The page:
Profitable companies

Profitable companies are started by entrepreneurs who want to solve a problem better.  A secondary consideration is creating a better lifestyle for themselves.

The UK is a great place to start a business, but survival rates are low.  Many studies have consistently found that 50% of new companies fail in the first five years.  Of those that survive, many stall, zombie-like, unable to grow.

These businesses manage only to create a job for the owner without the financial success that was the original aim.  That job often does not pay well either, for all the experience and effort put in.  The result is a life of stress and servitude rather than the warm glow of success and an improved lifestyle.

A company failure rate at 50% is too high – Why is this and what should we do about it?

Every company failure will be for a good reason.  They run out of money, the market changes, a key trading relationship fails, or the tax and regulatory system just makes it too hard to run a profitable business.

These are all valid reasons.  Entrepreneurs are human, and it is simpler to blame others for their misfortune.  The main single reason, though not one that is heard often, is that the owner just did not have the talent for the job.

The capability of the leader is the main determinant of a company’s success

The biggest single determinant of success for profitable companies is attributable to the capability of the owner.

A career spent supporting profitable companies for many years, confirms this view, time after time.  Research by Gallup into 4,000 businesses in Europe and the US supports this contention.  They found that the capabilities of the company owner were the most relevant factor in the success or otherwise of a new business.

When a company fails, it is common that one or more of the following traits present.  These traits or “sins” are all manifestations of shortfalls in the required personal core-competencies of a successful entrepreneur.

They are deadly sins because at best they prevent entrepreneurs from achieving their desired financial success and lifestyle.  At worst, they can kill a company.

The 7 deadly sins to avoid for business owners who want to grow profitable companies

Sin 1 No clear strategy, business plan or risk management leading to a weak business model
Sin 2 Poor leadership and communication of the business aim to the team/customers
Sin 3 Poor financial management and control of working capital
Sin 4 Under-investment, failure to innovate or predict competitor actions
Sin 5 Poor systems and lack of relevant data for decision-making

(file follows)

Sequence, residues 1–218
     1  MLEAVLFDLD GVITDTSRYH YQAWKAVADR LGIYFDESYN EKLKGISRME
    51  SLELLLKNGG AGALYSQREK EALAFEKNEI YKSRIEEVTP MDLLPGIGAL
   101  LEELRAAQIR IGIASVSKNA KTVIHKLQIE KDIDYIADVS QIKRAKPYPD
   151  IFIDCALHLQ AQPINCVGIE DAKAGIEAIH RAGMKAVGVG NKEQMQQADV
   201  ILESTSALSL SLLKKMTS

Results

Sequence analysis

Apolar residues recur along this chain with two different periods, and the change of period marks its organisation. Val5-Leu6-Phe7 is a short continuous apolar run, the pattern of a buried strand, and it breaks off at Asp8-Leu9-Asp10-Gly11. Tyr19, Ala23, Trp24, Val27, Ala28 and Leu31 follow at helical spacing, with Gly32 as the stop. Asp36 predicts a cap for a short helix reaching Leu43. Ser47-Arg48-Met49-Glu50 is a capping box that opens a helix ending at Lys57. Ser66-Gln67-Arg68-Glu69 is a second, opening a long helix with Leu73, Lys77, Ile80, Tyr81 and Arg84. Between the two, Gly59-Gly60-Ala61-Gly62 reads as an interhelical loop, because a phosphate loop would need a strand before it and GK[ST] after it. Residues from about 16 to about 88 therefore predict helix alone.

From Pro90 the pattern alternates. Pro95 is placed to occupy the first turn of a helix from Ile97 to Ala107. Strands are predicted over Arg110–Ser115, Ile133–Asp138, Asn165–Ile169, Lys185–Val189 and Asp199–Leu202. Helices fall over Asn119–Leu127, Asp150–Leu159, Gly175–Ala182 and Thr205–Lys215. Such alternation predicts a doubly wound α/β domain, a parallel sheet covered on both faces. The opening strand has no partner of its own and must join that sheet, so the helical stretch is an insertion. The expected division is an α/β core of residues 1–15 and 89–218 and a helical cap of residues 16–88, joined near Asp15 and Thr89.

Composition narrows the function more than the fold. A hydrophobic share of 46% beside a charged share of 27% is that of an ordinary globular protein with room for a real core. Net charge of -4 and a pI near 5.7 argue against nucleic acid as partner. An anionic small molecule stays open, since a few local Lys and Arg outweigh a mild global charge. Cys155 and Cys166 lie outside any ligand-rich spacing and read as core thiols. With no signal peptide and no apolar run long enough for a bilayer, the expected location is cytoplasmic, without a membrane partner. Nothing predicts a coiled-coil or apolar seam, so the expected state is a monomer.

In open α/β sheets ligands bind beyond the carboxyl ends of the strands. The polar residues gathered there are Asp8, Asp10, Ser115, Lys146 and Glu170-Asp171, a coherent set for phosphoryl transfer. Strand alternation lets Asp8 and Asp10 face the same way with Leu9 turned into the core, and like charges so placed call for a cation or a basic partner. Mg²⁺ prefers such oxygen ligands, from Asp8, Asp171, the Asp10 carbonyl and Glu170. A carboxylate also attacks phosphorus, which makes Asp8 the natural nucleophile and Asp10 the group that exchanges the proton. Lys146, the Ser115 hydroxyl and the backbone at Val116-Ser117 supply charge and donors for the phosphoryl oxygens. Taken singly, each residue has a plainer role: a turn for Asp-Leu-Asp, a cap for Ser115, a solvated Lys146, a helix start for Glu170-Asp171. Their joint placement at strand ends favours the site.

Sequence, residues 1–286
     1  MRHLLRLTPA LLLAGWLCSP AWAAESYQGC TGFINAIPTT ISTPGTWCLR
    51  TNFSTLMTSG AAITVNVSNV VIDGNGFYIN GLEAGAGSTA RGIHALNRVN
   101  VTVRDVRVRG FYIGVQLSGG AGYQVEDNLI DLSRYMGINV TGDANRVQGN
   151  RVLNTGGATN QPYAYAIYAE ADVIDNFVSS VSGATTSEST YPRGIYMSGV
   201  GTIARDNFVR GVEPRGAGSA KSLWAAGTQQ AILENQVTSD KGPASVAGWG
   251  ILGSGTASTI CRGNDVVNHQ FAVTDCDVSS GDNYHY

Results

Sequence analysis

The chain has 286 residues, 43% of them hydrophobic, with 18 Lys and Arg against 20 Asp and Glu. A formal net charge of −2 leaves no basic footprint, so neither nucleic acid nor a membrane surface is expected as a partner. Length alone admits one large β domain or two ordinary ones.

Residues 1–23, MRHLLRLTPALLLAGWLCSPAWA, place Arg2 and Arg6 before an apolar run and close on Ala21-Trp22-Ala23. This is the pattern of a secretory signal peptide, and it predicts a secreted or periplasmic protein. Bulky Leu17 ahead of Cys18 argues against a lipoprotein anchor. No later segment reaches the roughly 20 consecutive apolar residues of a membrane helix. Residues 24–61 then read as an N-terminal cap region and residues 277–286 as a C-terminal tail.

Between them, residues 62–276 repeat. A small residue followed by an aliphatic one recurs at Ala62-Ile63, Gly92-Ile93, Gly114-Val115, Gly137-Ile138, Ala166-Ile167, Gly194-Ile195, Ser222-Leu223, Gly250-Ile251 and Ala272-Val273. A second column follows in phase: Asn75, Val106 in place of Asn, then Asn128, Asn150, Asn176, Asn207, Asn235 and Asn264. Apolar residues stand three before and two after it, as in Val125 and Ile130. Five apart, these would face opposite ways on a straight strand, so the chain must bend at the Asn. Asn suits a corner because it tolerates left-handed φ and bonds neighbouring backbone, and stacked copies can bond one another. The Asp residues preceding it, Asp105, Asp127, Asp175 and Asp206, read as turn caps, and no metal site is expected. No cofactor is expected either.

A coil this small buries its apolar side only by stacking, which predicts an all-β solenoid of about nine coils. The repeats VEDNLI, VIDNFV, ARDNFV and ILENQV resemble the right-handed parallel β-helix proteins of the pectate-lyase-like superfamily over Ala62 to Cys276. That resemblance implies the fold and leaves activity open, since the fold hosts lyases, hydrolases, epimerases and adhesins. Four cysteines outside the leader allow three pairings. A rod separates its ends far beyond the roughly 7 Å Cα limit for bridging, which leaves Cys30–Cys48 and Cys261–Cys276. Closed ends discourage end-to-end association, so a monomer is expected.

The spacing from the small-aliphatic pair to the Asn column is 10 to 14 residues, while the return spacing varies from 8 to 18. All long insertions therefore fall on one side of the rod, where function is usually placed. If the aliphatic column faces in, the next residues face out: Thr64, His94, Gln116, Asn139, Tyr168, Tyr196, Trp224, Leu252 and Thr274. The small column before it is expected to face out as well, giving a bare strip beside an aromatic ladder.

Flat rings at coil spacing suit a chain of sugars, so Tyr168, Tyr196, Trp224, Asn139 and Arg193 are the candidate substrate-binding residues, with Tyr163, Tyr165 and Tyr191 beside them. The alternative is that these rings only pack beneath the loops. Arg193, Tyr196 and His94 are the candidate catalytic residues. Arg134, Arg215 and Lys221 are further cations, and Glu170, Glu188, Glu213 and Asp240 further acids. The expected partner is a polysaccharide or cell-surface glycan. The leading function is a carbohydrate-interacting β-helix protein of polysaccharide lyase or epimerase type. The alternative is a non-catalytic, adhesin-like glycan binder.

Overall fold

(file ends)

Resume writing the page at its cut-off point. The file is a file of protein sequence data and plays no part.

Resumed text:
Sin 6 Poor execution and failure to prioritise the important over the urgent
Sin 7 Not customer focused but inwards looking with no compelling value proposition

How to rectify this?

The good news is that the problem is easy to fix.

Most leaders do not have all the skills needed.  Wise entrepreneurs surround themselves with people more talented than they are, particularly in areas where they have a weakness.  In addition, they make sure they get good advisers around them.

First, get a part time finance director (FD) even if only for a day a month to deal with the forward looking and strategic issues.  Someone who can also be a mentor, guide and sounding board.

A good part-time FD has seen it all before and can steer you around the bumps in the road, fast-forwarding your business through his experience and contacts.

The finance director’s responsibilities

The finance director’s usual title is FD or in larger companies, CFO (chief financial officer).  FDs cover all the strategic and operational areas of the business.  Although focussing on financial management, anything important will cross the FD’s desk at some stage.  They input into every area of the business and often also take the lead on systems, IT and HR.

Education and training

Many FDs are graduates, with an accounting qualification from one of the main accounting bodies.  For a summary of those bodies, see Wikipedia.

The MD’s eyes and ears

The FD’s partnership with the MD is crucial, and it is one built on trust and respect.  The FD is the MD’s eyes and ears.  The MD should be steering on the bridge with the FD setting the course and checking the position.  They set the vision and delivery strategy and need to work together in harmony.

A major input to every area of the business

The FD ensures the accuracy of the numbers and distributes them as a framework for better decisions.  They look forwards, anticipating problems, planning ahead and managing risk.

The FD contributes to all areas of the company.  They should drive financial performance, operational efficiency, cash flow, taxation, legal and investor relations.

The soul and conscience of the business

An FD needs a deep knowledge of finance together with integrity, scepticism, independence of mind and strength of character.  Holding the MD to account and avoiding group think needs good communication skills.  The FD links the Board and management, gluing the business together and maintaining a common purpose.

FDs “glue” the business together and preside over the decision process.

By using a part time FD, you get financial expertise just when you need it.